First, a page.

On Writing and the Struggle to Keep Control

I’ve been neglecting this blog for a long time now because even during the summer, when I have glorious stretches of writing time, there are only so many words I can crank out in a day, and I’ve been hoarding them all for the manuscripts I’m writing.

Since I last posted, I finished and revised the young adult book I’ve been working on, and a friend and I jumped into a collaborative middle grade novel (which has been so much fun that I hesitate to say we’ve been “working on it” because it hasn’t felt like work at all), and I’ve played around with the beginning of another middle grade story I started last summer.

The past year has been draining and difficult for me in a lot of ways, and it has felt incredibly invigorating to have so much of this summer just to write—to sink into characters’ perspectives and explore ideas I care about and have some real control over the structure of a plot and the events that happen in a story. Control is something I’ve felt like I’m lacking in parts of my regular life, so it’s been pretty wonderful to have so much control over my schedule and writing this summer.

But the closer I get to having my new young adult novel ready to send to my agent, the more that sense of control starts to slip away because now I’m starting to think about what might happen if (and when, I hope) this book goes on submission to editors. Suddenly it seems like there are too many other YA books that share an element with my new book. Suddenly, even though this book seemed so different from my last two, I imagine getting rejections that are just like the ones I saw for my last two manuscripts.

Plus, after getting very encouraging, “this is so close to ready” feedback on the version of the book I sent to critique partners early in the summer, the response I got to the next version was thoughtful and useful for sure, but it didn’t feel quite as positive. And while I’m trying to take my time with this book to make sure it’s as strong as I can possibly make it, I’m having to be patient about so many things right now, and the idea that this manuscript might not be where I thought it was felt disheartening.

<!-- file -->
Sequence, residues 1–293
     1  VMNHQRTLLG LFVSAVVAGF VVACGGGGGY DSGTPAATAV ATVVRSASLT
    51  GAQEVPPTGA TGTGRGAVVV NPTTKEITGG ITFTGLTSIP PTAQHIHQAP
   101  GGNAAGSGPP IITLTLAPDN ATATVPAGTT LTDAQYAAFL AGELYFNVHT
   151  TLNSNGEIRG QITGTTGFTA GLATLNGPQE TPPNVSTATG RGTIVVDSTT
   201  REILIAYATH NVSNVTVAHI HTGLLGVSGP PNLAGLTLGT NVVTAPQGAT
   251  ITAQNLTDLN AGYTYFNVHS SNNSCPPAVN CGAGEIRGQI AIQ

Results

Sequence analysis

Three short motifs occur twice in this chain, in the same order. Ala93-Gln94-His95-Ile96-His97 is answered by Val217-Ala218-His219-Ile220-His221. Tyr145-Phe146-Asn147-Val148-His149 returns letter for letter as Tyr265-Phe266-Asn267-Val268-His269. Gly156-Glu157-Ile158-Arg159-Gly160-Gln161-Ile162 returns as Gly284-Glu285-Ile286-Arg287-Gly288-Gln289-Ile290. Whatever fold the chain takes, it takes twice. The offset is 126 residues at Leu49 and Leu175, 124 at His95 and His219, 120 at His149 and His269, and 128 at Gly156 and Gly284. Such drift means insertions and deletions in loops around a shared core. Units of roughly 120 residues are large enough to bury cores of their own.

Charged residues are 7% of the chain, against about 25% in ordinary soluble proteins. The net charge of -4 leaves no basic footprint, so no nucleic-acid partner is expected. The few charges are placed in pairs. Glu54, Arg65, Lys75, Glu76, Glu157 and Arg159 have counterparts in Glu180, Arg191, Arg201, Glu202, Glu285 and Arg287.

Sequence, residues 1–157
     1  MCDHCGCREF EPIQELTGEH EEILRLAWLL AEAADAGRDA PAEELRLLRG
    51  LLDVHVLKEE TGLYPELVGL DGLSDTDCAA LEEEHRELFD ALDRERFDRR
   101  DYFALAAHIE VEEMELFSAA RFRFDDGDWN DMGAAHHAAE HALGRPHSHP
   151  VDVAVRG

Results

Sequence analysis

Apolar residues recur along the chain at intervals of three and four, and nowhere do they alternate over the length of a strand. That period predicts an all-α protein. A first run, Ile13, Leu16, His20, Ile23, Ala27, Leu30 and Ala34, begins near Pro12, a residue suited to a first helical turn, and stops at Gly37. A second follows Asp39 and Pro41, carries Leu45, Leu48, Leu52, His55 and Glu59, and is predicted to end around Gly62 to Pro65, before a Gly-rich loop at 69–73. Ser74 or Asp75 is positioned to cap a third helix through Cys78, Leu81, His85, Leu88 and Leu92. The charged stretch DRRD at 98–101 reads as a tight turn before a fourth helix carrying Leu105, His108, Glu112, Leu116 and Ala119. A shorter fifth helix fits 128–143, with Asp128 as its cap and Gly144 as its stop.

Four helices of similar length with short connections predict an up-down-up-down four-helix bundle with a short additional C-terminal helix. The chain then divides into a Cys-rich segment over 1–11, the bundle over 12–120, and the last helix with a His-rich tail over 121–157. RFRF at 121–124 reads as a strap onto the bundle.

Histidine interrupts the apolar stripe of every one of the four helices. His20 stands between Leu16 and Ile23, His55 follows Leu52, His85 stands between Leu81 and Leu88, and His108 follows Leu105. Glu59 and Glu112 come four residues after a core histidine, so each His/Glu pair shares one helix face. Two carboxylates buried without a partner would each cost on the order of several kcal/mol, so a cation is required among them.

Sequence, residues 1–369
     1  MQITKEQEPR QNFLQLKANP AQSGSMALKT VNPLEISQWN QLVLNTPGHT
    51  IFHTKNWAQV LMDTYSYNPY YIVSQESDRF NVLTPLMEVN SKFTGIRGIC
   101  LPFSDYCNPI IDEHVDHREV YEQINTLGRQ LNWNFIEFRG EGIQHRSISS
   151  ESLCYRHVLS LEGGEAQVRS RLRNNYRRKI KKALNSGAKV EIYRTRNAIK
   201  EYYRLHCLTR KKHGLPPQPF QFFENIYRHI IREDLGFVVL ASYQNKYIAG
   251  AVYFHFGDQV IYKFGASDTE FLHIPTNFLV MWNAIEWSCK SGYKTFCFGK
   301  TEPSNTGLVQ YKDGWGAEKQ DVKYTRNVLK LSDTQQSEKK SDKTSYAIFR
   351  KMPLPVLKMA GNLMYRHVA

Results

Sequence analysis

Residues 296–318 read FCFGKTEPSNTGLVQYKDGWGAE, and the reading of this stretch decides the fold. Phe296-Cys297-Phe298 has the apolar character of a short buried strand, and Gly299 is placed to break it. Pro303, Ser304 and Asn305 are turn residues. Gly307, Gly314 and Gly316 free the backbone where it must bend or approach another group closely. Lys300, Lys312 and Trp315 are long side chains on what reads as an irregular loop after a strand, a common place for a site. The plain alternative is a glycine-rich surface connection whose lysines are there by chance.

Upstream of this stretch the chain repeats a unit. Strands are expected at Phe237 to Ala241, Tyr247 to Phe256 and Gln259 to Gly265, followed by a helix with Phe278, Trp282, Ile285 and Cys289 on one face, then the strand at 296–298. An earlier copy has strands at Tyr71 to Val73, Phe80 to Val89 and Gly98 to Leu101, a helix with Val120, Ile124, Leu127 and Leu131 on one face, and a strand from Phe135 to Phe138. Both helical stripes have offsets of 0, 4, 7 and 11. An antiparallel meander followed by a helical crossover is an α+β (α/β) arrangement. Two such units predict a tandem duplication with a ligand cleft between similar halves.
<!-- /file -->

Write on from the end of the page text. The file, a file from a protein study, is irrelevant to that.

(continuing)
But then three things happened. First, on Monday night, I saw the movie version of Paper Towns. I’ve read Paper Towns at least five times, and for the past three years, my eighth grade students and I have discussed the book in depth and analyzed the shape of the main character’s hero’s journey. So I know the story very, very intimately. At first, I was happily struck by how much of the dialogue in the movie is replicated word for word from the book, but then as the movie went on, I began to notice story lines that had been cut, changed, or rearranged. Some of the elements that don’t appear in the movie are things I really like from the book, and occasionally I burst out with comments like, “This isn’t supposed to happen now!” or “She’s not supposed to go on the road trip!” But despite those moments of resistance, I thought the movie was great. Certain elements were emphasized and other ones were downplayed, but a book with a lot of internal narration can’t just get plopped right into movie form, and I think the the movie version absolutely captures the spirit of the book.

The second thing that happened is that on Tuesday, when I was having a rough morning for non-writing reasons, I was in my car in a parking lot after an appointment and trying to make an important phone call that I needed to focus on before I started driving, and a woman came up to rap on my window and tell me to please do whatever I was doing somewhere else because she had an appointment and needed my spot. So I pulled out of the parking lot, found a quiet residential neighborhood where it would be safe to stop on the side of the road, and burst into tears. That’s not strictly relevant, I guess, but I was trying so hard to do all the right things and be okay, and maybe sometimes we all just need to let go of the need to hold everything together and fall apart parked in front of a lovely house on a suburban street after somebody scolds us for hogging a parking spot. Or something.